We could have stayed in Portland for our entire trip and never run out of things to do (my god we didn’t even go to Powell’s), but there was more northwest to be seen, so we took to our rental car and bid Jack and Emilie adieu and drove north to Lacey (first stopping at a Shari’s for lunch; it had been years since I ate at a Shari’s…), where we stayed with my aunt and uncle, who have elevated the act of hosting houseguests to an art. Everything there was comfort and amenities (want to use the hot tub? Go right ahead! We’re grilling salmon for dinner, and making fresh blueberry pie for dessert, that okay?), and just the joy of being around family who I so rarely get to see. We also made trips into Olympia, to the assisted living facility where my grandma lives, to stop in and visit her. My grandma helped raise me, so spending time with her is always a real pleasure. She moves surprisingly well for an eighty three year old; she is still exactly as I remember her, just a little slower is all.

We didn’t get to spend a ton of time in Olympia or with the family because the whole reason for the trip, the thing that put us on the road, was to celebrate the wedding of my good friend Jeremy to his wife Holly. I’d never met Holly, and David had never met anyone there, so my level of social anxiety was just a little high. But then I saw my friend Rick who I’d known would be there– he was Jeremy’s best man, naturally– and he said “we’re inside watching Arrested Development” and I thought, okay, this is going to be an okay wedding. And it was better than okay. It was inspiring. It was genuine. It was a joyous occasion. I went in with the slightest hesitation that there was no way that a wedding could measure up to to the level of exceptionalism that my friend Jeremy represents, but I was proven wrong. Best. Wedding. Ever.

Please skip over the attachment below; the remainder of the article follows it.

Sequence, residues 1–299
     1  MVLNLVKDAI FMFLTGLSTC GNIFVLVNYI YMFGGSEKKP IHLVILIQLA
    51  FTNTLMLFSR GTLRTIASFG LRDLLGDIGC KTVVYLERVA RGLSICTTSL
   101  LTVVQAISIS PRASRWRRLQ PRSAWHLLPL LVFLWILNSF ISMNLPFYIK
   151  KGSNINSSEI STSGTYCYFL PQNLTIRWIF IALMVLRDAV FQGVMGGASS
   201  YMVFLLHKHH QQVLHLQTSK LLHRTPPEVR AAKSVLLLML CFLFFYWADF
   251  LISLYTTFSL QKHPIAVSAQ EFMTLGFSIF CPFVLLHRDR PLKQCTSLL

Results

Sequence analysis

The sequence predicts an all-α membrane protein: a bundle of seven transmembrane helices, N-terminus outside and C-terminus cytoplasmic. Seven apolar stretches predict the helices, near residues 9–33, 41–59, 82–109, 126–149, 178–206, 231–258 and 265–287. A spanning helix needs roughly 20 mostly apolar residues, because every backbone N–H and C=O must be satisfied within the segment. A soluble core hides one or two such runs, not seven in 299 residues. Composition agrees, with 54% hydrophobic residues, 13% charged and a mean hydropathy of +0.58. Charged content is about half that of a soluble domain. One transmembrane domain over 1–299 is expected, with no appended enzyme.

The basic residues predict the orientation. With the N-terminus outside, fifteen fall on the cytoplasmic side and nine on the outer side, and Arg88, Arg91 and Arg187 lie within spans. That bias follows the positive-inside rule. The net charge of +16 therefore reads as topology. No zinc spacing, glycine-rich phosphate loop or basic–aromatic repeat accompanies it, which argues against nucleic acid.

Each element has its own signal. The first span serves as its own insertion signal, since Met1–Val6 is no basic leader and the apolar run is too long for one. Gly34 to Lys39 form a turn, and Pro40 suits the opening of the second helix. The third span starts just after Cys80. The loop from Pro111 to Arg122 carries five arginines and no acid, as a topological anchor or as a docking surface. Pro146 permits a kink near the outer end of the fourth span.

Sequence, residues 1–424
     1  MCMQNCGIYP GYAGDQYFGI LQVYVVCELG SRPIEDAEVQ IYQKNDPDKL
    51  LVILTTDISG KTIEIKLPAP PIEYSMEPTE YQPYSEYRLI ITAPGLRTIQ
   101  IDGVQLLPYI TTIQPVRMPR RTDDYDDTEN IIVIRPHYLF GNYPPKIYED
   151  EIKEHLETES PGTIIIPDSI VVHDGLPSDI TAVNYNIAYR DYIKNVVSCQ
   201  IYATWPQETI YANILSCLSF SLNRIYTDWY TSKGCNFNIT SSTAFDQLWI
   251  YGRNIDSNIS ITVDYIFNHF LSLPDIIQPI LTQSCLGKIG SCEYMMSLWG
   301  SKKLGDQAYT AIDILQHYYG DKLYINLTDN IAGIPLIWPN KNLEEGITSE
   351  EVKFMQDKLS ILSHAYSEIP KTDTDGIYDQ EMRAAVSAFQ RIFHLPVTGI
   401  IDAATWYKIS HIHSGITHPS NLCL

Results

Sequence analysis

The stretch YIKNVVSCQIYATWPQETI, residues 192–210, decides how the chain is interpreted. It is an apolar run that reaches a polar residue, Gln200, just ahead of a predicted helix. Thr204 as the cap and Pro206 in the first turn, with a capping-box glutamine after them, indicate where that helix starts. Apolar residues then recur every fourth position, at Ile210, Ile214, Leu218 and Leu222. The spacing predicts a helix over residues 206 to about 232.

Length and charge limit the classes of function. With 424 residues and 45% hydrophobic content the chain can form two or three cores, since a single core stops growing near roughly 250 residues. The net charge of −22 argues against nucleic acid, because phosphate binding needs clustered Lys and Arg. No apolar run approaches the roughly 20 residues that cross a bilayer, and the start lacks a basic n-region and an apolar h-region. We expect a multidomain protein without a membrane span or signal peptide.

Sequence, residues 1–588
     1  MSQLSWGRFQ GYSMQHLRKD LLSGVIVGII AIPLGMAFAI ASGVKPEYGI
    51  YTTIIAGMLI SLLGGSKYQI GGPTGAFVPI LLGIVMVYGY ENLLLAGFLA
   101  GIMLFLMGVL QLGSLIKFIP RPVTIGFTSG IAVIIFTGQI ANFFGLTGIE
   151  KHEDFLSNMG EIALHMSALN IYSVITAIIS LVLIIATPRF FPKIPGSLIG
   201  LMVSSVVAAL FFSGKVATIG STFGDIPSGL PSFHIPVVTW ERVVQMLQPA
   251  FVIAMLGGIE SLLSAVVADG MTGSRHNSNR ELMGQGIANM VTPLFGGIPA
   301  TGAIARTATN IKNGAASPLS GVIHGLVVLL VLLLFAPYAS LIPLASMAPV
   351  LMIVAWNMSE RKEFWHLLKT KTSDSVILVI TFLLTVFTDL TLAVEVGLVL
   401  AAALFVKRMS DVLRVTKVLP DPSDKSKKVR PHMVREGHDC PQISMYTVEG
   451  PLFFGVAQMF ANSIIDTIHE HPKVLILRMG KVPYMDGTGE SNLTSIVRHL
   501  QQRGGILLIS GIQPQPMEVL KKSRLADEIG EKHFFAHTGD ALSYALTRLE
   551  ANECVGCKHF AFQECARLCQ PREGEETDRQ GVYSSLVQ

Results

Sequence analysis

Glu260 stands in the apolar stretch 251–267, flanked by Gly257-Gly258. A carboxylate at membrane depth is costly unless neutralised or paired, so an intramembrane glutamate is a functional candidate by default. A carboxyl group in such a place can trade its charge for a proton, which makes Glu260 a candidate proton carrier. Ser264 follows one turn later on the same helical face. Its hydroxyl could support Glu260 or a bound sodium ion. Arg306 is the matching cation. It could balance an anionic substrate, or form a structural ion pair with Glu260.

All that was left of our excursion after that was a trip to Seattle to cram the ultimate tourist experience of the Emerald City into one sunny summer afternoon. We tried to get lunch at the Space Needle but got denied– no reservations. So instead we got pizza around the corner at a local chain called Zeek’s (our pizza, the Quentin Florentino, was exceptionally tasty) before buying our tickets and waiting in the line to take the elevator to the observation deck. It was a pretty spectacular view, but altogether too crowded and noisy.

view from the top

Then we took the monorail downtown and checked out Pike’s Place, but not before getting lost and walking to Lake Union first. Pike’s Place was more of the Space Needle madness but at a ground level– lots of crowds, lots of noise. We skirted it and didn’t even stop to watch the fish-throwing, because of all the  people. The waterfront was great, though. And before we headed back, I stopped back in at Pike’s Place to buy a bouquet of flowers to take to my Grandma the next day.
love